Now, I don’t have a lot of experience, so comparisons are tough for me.  Cleo is my first Bedlington Terrier, and as I’ve mentioned in this space before, my previous canine partnerships have been limited: a miniature schnauzer who followed my mother around like she was the second coming, an Irish setter who could have made a box of rocks look like a rocket scientist, a Sheltie who I never really connected with, and a Chinese Crested who I loved a lot.  To me, Cleo is truly special.  I don’t want to sound disloyal, but it has crossed my mind that her specialness has more to do with her being a Bedlington than it does with Cleo herself.  (I feel a little guilty even admitting that!)

A regular reader left a comment saying, “For some time now I have been feeling that my Bedlington is as smart as your Bedlington.”  Honestly, I’d be disappointed to hear anything else!  I mean, I would hope that all parents feel that way about their dogs.  But then I read an article about Bedlingtons written by someone who really knows them and who has a wide basis for comparison: She has raised and bred a variety of dogs and has a line of championship Bedlingtons that stretches down through generations.  Full disclosure, I’m referring to Cleo’s paternal grandmother, Lucy Heyman, whose champion Lover Boy is Cleo’s dad.  She thinks they are the best of all possible dogs.  As she described them—their lion’s-roar bark, their loyalty and protectiveness, their charm and sense of humor, their fleet and agile forms—I began to suspect that many of the things I love about Cleo are traits shared by Bedlingtons in general.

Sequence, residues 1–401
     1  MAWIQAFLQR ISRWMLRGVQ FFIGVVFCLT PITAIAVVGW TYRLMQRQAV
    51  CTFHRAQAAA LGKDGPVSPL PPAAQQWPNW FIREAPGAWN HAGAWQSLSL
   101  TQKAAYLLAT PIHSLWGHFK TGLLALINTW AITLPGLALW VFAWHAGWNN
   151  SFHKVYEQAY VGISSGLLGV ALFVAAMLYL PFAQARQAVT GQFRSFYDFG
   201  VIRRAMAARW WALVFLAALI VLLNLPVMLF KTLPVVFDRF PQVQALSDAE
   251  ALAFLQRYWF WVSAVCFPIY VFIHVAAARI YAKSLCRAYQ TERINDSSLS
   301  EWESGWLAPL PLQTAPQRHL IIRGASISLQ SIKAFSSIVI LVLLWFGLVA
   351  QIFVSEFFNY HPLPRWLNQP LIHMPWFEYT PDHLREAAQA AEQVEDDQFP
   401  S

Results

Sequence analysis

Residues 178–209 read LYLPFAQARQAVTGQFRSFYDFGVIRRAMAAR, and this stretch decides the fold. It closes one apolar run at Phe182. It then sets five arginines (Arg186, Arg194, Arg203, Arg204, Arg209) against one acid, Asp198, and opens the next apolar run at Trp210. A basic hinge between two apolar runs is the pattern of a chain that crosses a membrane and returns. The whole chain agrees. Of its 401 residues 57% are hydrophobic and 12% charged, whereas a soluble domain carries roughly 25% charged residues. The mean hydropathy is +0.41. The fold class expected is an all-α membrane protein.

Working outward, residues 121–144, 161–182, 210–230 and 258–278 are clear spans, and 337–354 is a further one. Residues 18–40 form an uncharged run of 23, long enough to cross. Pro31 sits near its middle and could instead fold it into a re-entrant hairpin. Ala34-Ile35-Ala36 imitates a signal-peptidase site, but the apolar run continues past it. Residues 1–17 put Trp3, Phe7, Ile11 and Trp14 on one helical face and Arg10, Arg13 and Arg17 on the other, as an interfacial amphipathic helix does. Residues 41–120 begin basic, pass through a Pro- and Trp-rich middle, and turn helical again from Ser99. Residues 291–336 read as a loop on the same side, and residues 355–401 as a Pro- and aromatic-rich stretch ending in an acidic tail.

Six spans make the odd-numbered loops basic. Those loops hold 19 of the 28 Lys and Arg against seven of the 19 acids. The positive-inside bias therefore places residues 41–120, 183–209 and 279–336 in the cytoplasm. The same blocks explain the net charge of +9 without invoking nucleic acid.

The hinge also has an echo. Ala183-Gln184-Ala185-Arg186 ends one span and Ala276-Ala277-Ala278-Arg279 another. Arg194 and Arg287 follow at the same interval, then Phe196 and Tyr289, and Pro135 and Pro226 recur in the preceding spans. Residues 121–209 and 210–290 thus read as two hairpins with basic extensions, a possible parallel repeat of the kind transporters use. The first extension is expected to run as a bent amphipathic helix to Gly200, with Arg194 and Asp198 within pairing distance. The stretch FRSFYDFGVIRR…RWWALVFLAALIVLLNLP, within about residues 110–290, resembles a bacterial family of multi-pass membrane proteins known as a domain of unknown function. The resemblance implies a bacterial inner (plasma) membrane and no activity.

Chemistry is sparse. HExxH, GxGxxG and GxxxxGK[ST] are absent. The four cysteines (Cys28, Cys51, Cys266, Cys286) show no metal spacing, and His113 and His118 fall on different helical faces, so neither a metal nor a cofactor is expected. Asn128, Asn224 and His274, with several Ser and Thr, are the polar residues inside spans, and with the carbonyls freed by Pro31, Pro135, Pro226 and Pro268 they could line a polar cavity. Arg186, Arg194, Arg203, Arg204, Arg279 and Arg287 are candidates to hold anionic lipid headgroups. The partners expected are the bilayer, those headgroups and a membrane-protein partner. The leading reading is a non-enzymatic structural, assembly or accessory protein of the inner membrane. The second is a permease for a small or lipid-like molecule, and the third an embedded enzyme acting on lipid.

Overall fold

So I thought I would ask readers to compare notes.  I’m going to suggest a few identifying traits, and I hope readers will share their own experiences with their Bedlington Terriers, corroborating, debunking or adding to my own insights about what makes Cleo (Bedlingtons?) special.  So here goes.

You know you have a Bedlington when you are three thousand miles away celebrating your sister’s sixtieth birthday and you reach your hand into your jacket pocket and realize you have accidentally brought with you a poo bag and a handful of dog treats.  You experience a rush of joy at the thought of how lucky you are to share your life with your dog, then you tuck everything back into your pocket to have ready when you see her again.